Similarly, the Word says that we are to love God “with all of our heart, with all of our soul, and with all of our mind.” If those three things are not exercised to the point to where they are satisfied, how can we say –or even know- that we are loving God?

    I met God as a child, purposely turned away from Him, and re-encountered Him ten years later. I knew that He created everything and that He loved me, but not much else. Hah –I also knew He wanted me to stop using drugs but I wasn’t ready to do that yet! But I loved Him, and told just about everyone I knew about Him, and quit drugs, and was thinking about starting a band to sing songs about Him, when I fell into a cult that told me I was “soulish” and “doing my own thing in Jesus’ Name” and that what God really wanted was proper behaviour -or else.

    It was a long, sometimes torturous road I had to travel to get out of that place and learn to think for myself, and I have a lot that I have learned that I’d like to share with you, but only if you wish.

    I don't have a URL, so to publish this I had to use "anonymous", but my name is Breck.

  4. I recently left my Christian church, and the cult that was forming in it. I told everyone who hounded me I needed a break. The truth is after 30 years of service to Jesus I realized I was serving an abuser. I allowed myself to strip away the jargon, and look at the Bible for what it really was. A book of stories inspired by men, and subjected to multiple translations, edits, and imbellishments. To continue and base my entire life on it was lunacy.
    It was an earth shattering night when I listened to Julia Sweeny's story. All the thoughts I had tried hard to push aside, and not listen to. It's like she read my mind. I wasn't the only one who thought, this can't be right.
    I feel like I am in recovery now. Trying to make sense of the years lost, and rewriting a better future for myself.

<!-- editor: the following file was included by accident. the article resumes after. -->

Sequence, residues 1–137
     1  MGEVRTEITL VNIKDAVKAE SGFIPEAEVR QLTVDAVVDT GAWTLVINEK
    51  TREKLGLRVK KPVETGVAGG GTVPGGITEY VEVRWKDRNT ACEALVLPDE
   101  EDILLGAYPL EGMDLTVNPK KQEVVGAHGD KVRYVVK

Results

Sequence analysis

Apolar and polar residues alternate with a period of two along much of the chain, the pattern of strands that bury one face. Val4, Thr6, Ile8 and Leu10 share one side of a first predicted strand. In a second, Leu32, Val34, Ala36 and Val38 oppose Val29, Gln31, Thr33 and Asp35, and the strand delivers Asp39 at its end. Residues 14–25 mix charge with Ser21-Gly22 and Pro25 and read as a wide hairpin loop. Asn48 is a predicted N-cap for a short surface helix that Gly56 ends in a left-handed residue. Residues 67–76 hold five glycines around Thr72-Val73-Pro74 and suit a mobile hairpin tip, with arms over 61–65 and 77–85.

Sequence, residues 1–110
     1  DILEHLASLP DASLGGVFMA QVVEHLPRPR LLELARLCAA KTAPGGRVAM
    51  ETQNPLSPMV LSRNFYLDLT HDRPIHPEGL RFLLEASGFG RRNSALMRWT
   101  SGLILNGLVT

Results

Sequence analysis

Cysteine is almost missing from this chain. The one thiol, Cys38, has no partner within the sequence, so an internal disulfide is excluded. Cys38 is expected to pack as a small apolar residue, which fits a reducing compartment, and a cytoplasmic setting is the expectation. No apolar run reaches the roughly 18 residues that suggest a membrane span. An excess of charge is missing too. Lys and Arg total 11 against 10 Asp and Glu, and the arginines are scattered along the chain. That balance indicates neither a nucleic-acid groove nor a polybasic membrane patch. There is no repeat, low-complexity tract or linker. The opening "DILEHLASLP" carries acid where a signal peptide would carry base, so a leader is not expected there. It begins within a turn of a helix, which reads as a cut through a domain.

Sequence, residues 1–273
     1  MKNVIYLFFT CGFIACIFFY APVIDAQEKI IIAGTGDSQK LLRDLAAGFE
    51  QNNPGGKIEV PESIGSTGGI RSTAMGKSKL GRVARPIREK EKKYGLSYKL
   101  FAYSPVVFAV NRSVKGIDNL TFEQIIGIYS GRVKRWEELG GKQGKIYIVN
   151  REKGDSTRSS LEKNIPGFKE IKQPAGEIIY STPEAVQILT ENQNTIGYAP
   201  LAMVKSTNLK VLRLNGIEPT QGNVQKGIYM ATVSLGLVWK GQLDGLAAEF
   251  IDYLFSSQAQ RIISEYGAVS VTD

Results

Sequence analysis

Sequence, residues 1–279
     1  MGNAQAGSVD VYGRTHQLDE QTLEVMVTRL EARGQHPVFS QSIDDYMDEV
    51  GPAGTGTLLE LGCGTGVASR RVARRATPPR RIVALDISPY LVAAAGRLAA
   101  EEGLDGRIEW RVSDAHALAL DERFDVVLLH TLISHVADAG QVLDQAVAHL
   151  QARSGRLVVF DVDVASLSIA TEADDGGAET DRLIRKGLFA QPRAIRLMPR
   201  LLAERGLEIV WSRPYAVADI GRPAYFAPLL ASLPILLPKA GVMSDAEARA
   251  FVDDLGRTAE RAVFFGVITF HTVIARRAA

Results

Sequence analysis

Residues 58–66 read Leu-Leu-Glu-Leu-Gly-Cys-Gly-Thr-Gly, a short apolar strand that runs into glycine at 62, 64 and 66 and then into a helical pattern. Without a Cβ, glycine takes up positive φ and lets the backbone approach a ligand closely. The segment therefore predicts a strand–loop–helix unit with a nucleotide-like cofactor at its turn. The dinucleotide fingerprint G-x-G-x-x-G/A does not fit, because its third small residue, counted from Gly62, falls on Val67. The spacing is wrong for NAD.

1. Recovery takes time! I'm so glad you are writing your own better story now.

  5. I am so sorry to hear your story and can relate so deeply in so many ways. I also dumped the god you described but for me found the God of the Bible to be full of love and redemption but had to unlearn everything I was taught about the Bible first and start all over again. I only say this to say that we were all so damaged by our histories and we will all take different roads in the end but hopefully each road is one that leads to healing, as it seems yours has. Blessings to you.

  6. OK, I've posted a few comments on other of your stories, here's what's eating me up inside:
    1. WHY is it that god allows good people to rot in their despair while greedy people become wealthy in his name?
    2. WHY does god allow his children suffer from anxiety, depression and other mental disorders that make their individual lives a living and present hell?
    3. WHY do some of us feel like a punchline to one of god's bad jokes?

    For many, many years I've been afraid to make my own decisions, ones that make me happy for the fear that my god would beat me like a red-headed step-child. I remember back in Bible College during a chapel service our dean of men told us that if we didn't do what god had "called" us to do, he would kill kidding. I really didn't like life and I still struggle with these things at times.